fourteen per cent seems a very large wastage from "middlings," the grade my correspondent uses; which. I attribute to his using the Gulf and Southwest cottons—from Texas, Louisiana, Mississippi, etc., made mostly by negro labor—in preference to cottons from the upper counties of this State (Georgia), made largely by white people—the farmers, their wives and children, who certainly handle the fleecy staple with far more care. The cotton marketed at Marietta, in Cobb County, about twenty-five miles above Atlanta, is generally beautifully white and clean. It is grown much more abundantly than before 1860, and almost always by the aid of fertilizers, which hasten the maturity of the cotton, so that the crop of that part of the country is much sooner prepared for market than in the lower counties, where it was often plowed in to make way for the new crop. The prejudice in favor of the Gulf cotton has always seemed to me to be unfounded, though I know it to prevail in Old as well as in New England, and generally in the North. These Northern spinners have often bought uplands in New Orleans, shipped from Columbus and Macon in this State. An old planter, who had also been a large cotton-buyer and a manufacturer as well, always combated this idea. When the yarn has fourteen to twenty turns of twist to the inch of length, it will certainly fulfill all the necessary conditions as to twist, as well as if the fibers were half as long again as they are. American spinners use a much higher grade of cotton for low numbers than the English spinners, to which I attribute the statement made to me by a Georgian of very high intelligence, who spent a number of years in China, and said that the Chinese greatly preferred American to English cloth, and I believe he said yarn also.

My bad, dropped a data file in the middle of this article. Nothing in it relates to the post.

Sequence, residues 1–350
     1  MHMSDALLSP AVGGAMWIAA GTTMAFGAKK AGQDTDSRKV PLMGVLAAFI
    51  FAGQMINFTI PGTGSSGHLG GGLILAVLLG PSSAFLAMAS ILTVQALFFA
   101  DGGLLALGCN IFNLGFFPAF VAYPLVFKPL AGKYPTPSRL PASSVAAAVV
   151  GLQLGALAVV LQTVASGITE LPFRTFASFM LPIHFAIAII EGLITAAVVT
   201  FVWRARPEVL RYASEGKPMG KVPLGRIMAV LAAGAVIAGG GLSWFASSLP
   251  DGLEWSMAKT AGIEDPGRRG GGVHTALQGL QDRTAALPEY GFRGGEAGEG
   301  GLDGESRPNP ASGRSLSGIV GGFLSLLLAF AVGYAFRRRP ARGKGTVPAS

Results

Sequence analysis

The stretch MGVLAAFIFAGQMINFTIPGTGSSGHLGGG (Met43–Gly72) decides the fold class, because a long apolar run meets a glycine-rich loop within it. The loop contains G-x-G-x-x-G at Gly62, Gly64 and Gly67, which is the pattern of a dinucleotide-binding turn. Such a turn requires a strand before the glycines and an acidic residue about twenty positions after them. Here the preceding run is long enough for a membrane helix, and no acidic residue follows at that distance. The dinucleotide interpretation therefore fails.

There is also, in my judgment, a very considerable advantage which the Southern spinner enjoys over his outside competitors; in that he receives his cotton in the loosely packed planter's package, measuring in depth twenty-eight to thirty-six inches, while his competitors receive the same staple from the compresses, in which the bale is squeezed down to a thickness of eight or ten inches under hundreds of tons of pressure. It must be brought into a flocculent state again before it can be carded and spun. Does it not go without saying that the loosely packed cotton in the planter's bale will require less violent tearing to restore its lightness and elasticity than that which has been packed for months under the compress with its enormous power? I have seen myself, often, cotton "in the seed" brought to the mill, weighed in two and four-horse wagons, without any baling at all, ginned in the mill, and spun at once.
Now as to some other points. Suppose that I build two mills for myself (to insure the same management exactly). Let them be exact counterparts of each other, except that the machinery of